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CPC-077 Involving Pharmacy Technicians in Medicines Reconciliation in the Emergency Department: What Can We Expect?
  1. E Cousein1,
  2. M Coussemacq1,
  3. A Baranyaï2,
  4. P Coupé1
  1. 1Valenciennes’ Hospital, Pharmacy, Valenciennes, France
  2. 2Valenciennes’ Hospital, Emergency, Valenciennes, France

Abstract

Background In 2011, the Centre Hospitalier de Valenciennes Emergency Department (ED) treated an average of 140 patients per day, and 38.8% of these patients were hospitalised. Thus, 54 patients a day were eligible for medicines reconciliation at admission.

A previous study showed that the medicines reconciliation of 46.4% of the patients admitted at the Centre Hospitalier de Valenciennes ED was incorrect, and that pharmacists’ involvement could improve information gathering about home medicines.

During the study, pharmacists did not find any discrepancies with home meds or any drug-related problems (DRPs) in 38.2% of the patients. Pharmacists did not add value for these patients.

Separately, the Centre Hospitalier de Valenciennes pharmacy has automated the drug dispensing process. As a result, pharmacy technicians have expressed their reluctance to only work with a machine, fearing they might lose part of their skills in medicines management.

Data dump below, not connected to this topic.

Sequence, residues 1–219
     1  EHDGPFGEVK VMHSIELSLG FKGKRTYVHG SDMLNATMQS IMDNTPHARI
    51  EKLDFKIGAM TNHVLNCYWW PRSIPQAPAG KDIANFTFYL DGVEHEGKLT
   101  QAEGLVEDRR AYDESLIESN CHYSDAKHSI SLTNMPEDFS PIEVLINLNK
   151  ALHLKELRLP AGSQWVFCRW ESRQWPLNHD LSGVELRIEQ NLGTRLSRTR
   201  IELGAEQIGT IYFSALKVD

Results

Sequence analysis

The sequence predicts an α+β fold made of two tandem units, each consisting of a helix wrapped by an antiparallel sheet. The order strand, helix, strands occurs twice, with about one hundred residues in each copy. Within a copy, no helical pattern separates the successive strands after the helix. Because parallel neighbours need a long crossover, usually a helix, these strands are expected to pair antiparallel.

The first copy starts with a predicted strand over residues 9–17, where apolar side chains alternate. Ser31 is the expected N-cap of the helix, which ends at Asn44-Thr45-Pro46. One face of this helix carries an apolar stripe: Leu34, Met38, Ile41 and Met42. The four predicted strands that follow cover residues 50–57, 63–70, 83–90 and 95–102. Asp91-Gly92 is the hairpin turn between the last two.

Before this problem arose, it has been proposed that technicians take part in medicines reconciliation in the ED.

Purpose To assess which tasks could be conducted by a pharmacy technician in medicines reconciliation.

Materials and Methods Technicians were present at the ED with a pharmacist. Technicians conducted standardised procedures, such as contacting the community pharmacy or assessing patients’ compliance according to scores, and reported the conclusions to the pharmacist.

Results Pharmacy technicians had a strong incentive to get involved, as it refreshed their knowledge of medicines management. Moreover, it helped pharmacist to reconcile more patients in the ED, and to focus on patients with DRPs.

However, pharmacy technicians need to be trained on how to detect DRPs, such as therapeutic escalation, and on how to conduct a patient interview.

Conclusions Involving pharmacy technicians in medicines reconciliation may help the pharmacist in the ED, and allow the technicians to keep up their medicines management skills.

No conflict of interest.

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